Pharmaceutical giant AstraZeneca has opened a state-of-the-art £1 billion research and development (R&D) facility in Cambridge, as its CEO said the latest spike in COVD infections across Europe may partly be down to the lack of use of the firm’s vaccine.
The Discovery Centre (DISC) will accommodate over 2,200 research scientists alongside the most advanced robotics, high-throughput screening and AI-driven technology.
The firm said the centre will support AstraZeneca’s focus on specialised and precision medicines and foster the discovery and development of next generation therapeutics, including nucleotide-based, gene-editing and cell therapies.
The centre is also viewed as one of the most sustainable of its kind. Beyond the building’s scientific capabilities, AstraZeneca described the disc-like structure as “a feat of environmental engineering” equipped with 174 boreholes to provide natural geothermal energy; four ‘hybrid cooling towers’ and a ground source heat pump that will save enough energy to power 2,500 homes.
Low-energy ventilation and high levels of insulation also help the building’s energy efficiency, along with the ‘saw-tooth’ roof design which minimises energy use by flooding the interior with natural daylight. This energy efficiency is aligned to the Company’s Ambition Zero Carbon programme that commits to zero carbon emissions from its operations across the world by 2025, and for its entire value chain to be carbon negative by 2030.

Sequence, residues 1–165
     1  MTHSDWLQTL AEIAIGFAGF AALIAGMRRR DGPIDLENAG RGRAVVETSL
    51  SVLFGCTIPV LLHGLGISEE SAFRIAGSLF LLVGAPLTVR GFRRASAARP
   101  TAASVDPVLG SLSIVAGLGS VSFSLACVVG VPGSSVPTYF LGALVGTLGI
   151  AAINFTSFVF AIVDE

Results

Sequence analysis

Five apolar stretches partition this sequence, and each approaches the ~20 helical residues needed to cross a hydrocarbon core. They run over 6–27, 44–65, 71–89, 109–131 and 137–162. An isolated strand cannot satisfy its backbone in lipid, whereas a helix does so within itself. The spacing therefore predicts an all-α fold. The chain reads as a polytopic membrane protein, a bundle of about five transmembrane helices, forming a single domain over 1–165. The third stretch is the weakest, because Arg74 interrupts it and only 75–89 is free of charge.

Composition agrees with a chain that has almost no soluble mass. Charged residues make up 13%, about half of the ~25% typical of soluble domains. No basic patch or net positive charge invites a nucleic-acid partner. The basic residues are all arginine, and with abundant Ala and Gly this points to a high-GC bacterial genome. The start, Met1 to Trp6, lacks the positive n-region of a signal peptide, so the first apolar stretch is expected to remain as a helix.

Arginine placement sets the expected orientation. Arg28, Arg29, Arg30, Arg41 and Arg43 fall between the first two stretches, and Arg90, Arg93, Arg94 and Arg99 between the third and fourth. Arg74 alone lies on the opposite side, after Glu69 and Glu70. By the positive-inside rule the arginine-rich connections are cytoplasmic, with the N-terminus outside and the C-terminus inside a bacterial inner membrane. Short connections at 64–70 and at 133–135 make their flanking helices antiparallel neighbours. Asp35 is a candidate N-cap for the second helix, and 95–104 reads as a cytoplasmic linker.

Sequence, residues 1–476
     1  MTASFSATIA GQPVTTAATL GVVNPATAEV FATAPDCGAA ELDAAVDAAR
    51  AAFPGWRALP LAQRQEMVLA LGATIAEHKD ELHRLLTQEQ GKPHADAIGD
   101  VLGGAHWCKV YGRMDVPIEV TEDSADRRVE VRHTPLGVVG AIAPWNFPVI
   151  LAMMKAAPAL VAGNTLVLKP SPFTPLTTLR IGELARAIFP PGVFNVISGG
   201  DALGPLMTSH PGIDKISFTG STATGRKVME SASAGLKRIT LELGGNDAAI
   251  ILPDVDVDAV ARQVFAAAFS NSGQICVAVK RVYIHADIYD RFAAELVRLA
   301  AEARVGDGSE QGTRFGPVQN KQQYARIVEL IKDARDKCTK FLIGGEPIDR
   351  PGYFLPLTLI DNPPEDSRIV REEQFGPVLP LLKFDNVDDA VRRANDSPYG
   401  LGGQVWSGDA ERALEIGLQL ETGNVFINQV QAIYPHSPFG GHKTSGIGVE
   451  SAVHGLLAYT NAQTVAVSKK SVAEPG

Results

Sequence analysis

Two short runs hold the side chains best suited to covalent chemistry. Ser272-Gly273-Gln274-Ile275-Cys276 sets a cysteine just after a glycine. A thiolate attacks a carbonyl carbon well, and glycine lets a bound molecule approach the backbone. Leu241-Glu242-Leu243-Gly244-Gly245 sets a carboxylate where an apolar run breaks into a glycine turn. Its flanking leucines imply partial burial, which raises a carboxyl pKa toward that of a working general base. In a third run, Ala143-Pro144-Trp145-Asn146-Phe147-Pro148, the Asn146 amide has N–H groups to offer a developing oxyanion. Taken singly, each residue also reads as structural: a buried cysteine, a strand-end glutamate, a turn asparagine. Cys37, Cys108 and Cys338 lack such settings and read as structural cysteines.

Pascal Soriot, Chief Executive Officer, AstraZeneca, said: “Our ambition today is to not only unveil a building, but to also drive the next wave of scientific innovation. Our new Discovery Centre in Cambridge raises the bar for sustainable R&D and global collaboration across our industry. It will allow us to break new boundaries in the understanding of disease biology, bring life-changing medicines to patients and power the next stage of our company’s growth.”
The opening comes after Soriot told the BBC’s Today programme that the new wave of COVID infections which is sweeping across Europe may be down the smaller use of his company’s vaccine for the continent’s elderly population.
“When you look at the UK, there was a big peak of infections, but not so many hospitalisations relative to Europe”, he said. “In the UK, this vaccine was used to vaccinate older people. Whereas in Europe, initially, people thought the vaccine doesn’t work in older people.”
Mr Soriot explained vaccines which use mRNA technology, such as Moderna and Pfizer/BioNTech, initially generate a large antibody response, but that protection begins to decrease shortly afterwards.
By contrast, vaccines which use viral vectors, such as the Oxford/AstraZeneca vaccine, may create a strong t-cell response, which he said the “body remembers longer”.